Following an at-times contentious discussion on Tuesday night regarding Sag Harbor Village’s process in accepting bids for outside police protection—and the acknowledgement that some bids had been posted on an online police blog—Mayor Brian Gilbride OK’d the release of the proposals.
The Southampton Town Police Department, the last agency to respond to Sag Harbor’s request, offered the lowest bid, at $720,694. The Suffolk County sheriff’s office estimated it could police the village for $923,520, a figure that does not include fuel costs, while the East Hampton Town Police turned in a nearly $1.2 million proposal.
Southampton Town’s bid, received last Thursday, October 4, calls for one full-time patrol officer per shift and, in the summer, a seasonal patrol officer as well. It would create a new sector and use a new, fully equipped police car. Investigative and emergency services would be billed as needed.
The sheriff’s office offered two patrol units with one deputy sheriff in each per day and evening tours, and one car for midnight shifts from Sunday through Thursday and two cars for midnights on Friday and Saturday. Investigative and K-9 services, as well as Marine Patrol, would be billed as needed. East Hampton Town offered one officer assigned to just the East Hampton Town portion of Sag Harbor for three shifts per day.
On Wednesday morning, Sag Harbor Village Attorney Fred W. Thiele Jr., who also serves as a state assemblyman, said that none of the three bids was considered a leading contender at this point. The village will likely share all the bids with all three agencies and follow up with further discussion.
Mr. Gilbride has been considering slashing the size of the Sag Harbor force from 13 officers to about six. The village has already started drafting an early retirement incentive for eligible officers. He maintained his position that looking outward for protection is a potential cost-cutting option amid spiraling police costs.
While he repeated that his position was not a bargaining ploy—as the village and its police union are headed to arbitration over a contract dispute—he did say that if things improve and all the employees chip in toward their medical and retirement benefits, he may be able to bring back the whole force.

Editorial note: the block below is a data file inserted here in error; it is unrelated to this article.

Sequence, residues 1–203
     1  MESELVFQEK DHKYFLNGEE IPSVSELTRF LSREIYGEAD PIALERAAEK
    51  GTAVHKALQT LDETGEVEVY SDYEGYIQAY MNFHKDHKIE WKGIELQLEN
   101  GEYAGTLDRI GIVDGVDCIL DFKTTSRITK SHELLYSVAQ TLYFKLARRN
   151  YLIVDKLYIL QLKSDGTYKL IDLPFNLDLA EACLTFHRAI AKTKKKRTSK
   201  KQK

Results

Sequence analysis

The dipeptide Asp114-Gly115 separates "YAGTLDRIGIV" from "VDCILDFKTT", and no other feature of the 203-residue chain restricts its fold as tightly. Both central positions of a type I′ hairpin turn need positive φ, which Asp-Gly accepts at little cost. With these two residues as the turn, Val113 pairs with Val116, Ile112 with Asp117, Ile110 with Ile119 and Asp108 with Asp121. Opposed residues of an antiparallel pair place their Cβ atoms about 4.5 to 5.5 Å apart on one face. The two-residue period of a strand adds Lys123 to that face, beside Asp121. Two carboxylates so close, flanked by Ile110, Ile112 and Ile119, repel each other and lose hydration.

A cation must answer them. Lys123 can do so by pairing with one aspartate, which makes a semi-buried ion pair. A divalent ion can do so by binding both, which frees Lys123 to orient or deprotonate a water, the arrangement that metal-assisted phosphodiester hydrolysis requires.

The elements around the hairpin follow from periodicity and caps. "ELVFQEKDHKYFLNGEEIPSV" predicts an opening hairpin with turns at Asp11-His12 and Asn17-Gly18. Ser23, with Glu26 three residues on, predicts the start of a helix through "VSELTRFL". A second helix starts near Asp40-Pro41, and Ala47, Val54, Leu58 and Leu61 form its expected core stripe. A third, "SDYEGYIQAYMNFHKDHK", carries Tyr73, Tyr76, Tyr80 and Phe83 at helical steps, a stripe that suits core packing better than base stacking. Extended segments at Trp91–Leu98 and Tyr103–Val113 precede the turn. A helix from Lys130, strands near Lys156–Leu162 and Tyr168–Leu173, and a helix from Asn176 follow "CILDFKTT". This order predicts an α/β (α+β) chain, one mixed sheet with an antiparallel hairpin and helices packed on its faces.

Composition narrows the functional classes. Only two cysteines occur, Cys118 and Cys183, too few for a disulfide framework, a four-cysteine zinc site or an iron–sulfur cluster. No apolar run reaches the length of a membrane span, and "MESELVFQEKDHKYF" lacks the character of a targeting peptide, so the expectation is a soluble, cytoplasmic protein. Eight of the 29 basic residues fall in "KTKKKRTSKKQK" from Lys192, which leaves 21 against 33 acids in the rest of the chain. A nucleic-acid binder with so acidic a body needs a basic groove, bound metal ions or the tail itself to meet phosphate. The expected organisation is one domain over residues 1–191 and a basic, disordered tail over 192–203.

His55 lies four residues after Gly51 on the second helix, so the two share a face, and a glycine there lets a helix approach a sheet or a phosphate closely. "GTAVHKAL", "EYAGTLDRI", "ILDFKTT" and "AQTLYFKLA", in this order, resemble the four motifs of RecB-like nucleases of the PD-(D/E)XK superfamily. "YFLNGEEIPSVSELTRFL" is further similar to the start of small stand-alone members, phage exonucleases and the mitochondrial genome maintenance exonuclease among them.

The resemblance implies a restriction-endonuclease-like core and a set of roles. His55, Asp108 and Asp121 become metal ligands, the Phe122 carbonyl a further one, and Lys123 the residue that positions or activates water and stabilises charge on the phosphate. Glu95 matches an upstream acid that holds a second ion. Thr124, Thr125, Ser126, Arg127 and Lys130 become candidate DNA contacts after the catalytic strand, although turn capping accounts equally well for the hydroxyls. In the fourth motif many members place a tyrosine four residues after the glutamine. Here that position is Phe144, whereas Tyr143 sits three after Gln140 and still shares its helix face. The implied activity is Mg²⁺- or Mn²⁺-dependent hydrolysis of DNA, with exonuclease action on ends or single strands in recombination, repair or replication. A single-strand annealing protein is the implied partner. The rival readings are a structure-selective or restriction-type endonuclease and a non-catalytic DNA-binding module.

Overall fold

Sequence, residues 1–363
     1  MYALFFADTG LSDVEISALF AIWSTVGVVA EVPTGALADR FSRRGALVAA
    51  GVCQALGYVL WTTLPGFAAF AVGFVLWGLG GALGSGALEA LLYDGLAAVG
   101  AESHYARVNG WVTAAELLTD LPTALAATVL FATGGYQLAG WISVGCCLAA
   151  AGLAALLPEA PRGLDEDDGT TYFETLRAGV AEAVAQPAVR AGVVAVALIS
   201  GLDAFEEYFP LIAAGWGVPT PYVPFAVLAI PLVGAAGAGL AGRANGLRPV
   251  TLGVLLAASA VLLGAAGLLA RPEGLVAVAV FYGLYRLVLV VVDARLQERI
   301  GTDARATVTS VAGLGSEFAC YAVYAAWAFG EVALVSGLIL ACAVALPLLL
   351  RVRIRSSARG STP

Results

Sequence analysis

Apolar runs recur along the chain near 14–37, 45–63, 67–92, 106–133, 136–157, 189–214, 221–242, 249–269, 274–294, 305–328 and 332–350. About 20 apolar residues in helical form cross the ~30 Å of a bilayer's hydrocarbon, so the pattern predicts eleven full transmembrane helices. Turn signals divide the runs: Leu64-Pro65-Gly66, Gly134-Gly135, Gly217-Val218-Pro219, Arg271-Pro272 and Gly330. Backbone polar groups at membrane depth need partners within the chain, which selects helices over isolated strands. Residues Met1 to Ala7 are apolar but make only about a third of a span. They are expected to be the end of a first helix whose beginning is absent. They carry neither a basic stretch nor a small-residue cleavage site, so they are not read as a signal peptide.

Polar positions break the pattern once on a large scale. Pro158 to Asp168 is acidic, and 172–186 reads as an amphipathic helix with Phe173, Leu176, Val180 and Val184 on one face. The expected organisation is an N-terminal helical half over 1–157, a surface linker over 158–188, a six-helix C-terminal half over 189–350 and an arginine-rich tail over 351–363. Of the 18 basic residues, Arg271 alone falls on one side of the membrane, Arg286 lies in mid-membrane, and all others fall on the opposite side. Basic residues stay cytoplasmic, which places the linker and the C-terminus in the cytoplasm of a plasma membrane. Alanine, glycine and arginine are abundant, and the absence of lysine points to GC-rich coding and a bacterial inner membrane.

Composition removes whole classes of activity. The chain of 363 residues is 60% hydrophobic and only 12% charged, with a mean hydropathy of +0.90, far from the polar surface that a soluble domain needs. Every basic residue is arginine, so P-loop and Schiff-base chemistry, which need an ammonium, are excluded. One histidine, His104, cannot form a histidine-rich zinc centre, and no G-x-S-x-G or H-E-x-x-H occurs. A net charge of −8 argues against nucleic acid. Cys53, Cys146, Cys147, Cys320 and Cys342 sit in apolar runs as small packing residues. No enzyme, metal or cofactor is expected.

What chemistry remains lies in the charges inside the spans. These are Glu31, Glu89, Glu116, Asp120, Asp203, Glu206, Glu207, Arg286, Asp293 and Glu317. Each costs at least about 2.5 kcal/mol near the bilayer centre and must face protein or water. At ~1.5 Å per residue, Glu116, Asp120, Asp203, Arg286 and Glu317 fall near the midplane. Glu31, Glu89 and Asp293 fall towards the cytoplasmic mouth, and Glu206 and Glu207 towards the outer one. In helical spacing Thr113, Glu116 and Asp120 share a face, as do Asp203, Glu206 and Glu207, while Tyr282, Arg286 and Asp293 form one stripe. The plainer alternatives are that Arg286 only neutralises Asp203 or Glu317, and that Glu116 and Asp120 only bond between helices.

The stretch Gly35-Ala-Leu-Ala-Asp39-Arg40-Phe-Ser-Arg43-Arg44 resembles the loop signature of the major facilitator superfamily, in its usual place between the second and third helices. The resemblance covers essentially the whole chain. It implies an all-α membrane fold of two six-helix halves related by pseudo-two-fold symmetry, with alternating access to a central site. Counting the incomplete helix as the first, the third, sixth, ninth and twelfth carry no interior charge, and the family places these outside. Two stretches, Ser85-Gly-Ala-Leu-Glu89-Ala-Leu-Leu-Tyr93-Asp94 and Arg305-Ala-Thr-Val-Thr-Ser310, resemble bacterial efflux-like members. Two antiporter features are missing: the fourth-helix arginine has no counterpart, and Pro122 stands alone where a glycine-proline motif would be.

Former Sag Harbor Village Mayor Pierce Hance on Tuesday criticized the village for not being transparent enough through the process. Mr. Gilbride replied that he felt officials were being so open that releasing some bid numbers before all bids were received may have affected the process. He decided to release all the bids publicly after acknowledging some bids had already been posted on The Schwartz Report, a Long Island blog with a police forum.
Sag Harbor Village Police Chief Thomas Fabiano told the board he was “hurt” by the ongoing discussions and said he felt he was being kept largely out of the loop of what was going on.
The resignation of Officer Michael Gigante was accepted on Tuesday night. He took a job with the Northport Village Police, Mr. Thiele said later. According to the chief, Officer Gigante switched departments because he was unsure of his future with Sag Harbor. The village budgeted $113,811 for his total salary for 2012-2013.
Longtime resident Tom McErlean took issue with Sag Harbor’s search for outside protection, claiming it would not get the same level of service. Sag Harbor officers often respond more quickly to incidents in neighboring North Haven, he said, which is covered by the Southampton Town Police. He also claimed there was a “pattern of acrimony” dating back to the 1990s, which flares up whenever the police contract expires.